Those of you who know ITMP a little, know how valuable (I think) the controversy perspective is to managing innovation and to managing projects. I don’t really want to overload this ITMP blog with controversy stuff, and I’m thinking of having a second one focusing just on ANT/programme antiprogrammes and controversies.
But, in the meantime, maybe a little sample will be provided in a controversy corner here from time to time.
When, in the 1990s, I adopted, adapted and tansferred to ESIEE the controversy approach Bruno Latour had been developing at the Ecole des Mines, technoscientific controversies were like shooting stars. From time to time one would pop out of the media. They were pretty exotic and seemed remote and academic. Sociology of science stuff. Nothing to do with our real, day to day world. Then, they started making the headlines. Now, hardly a day goes by without reading, hearing, seeing a controversy, and even worse, actually being in the middle of one. A colleague of mine has a twenty year old daughter who’s been hospitalised and off work and study for 2 months with a pulmonary embolism maybe because of a generic of a generic of a 4th generation contraceptive was prescribed. The family wants to know how « true » this is and is busily reading reports and linking up with people all over Europe to find out.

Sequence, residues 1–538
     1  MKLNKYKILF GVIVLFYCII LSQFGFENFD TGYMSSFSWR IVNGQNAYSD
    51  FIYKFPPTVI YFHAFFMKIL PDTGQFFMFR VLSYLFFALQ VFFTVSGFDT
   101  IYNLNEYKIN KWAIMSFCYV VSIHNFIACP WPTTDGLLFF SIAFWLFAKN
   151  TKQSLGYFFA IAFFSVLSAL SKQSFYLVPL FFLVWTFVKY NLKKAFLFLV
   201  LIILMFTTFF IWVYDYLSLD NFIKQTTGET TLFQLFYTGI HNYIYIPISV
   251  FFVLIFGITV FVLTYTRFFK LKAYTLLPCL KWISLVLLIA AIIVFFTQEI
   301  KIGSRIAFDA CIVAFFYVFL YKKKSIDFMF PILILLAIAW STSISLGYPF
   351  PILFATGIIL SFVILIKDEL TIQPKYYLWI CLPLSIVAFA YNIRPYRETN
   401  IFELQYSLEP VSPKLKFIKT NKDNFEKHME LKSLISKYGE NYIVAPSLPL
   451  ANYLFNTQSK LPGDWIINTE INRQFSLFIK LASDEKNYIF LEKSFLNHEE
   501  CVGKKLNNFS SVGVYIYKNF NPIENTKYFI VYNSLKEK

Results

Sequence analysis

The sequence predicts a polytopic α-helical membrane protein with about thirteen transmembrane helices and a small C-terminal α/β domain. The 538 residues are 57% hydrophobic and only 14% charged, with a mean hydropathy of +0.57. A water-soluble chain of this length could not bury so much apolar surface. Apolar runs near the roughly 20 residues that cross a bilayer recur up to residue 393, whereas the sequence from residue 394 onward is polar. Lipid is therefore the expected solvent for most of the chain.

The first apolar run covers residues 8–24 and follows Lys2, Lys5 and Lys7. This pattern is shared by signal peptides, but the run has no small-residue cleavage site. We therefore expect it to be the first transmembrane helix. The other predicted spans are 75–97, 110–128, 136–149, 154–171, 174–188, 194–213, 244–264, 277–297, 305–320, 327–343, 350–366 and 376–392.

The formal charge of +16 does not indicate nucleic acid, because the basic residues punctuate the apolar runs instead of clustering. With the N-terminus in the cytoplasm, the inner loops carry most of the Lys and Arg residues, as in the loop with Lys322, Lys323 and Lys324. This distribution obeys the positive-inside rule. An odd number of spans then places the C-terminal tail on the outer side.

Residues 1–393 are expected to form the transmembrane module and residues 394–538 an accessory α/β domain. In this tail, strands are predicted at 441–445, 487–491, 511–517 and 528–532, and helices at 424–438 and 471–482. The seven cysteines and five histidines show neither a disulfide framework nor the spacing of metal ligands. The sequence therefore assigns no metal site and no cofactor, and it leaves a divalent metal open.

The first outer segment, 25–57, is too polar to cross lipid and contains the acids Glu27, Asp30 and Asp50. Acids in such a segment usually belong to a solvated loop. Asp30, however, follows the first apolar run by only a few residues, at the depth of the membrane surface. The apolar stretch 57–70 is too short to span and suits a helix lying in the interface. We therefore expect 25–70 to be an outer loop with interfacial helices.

In 2006, at an IPMA meeting, the then president of IPMA (Veikko Vallila) said « all children should learn project management skills because they’ll be living in a project world ». Bruno Latour would probably say something similar about controversy mapping.
So, please watch this space!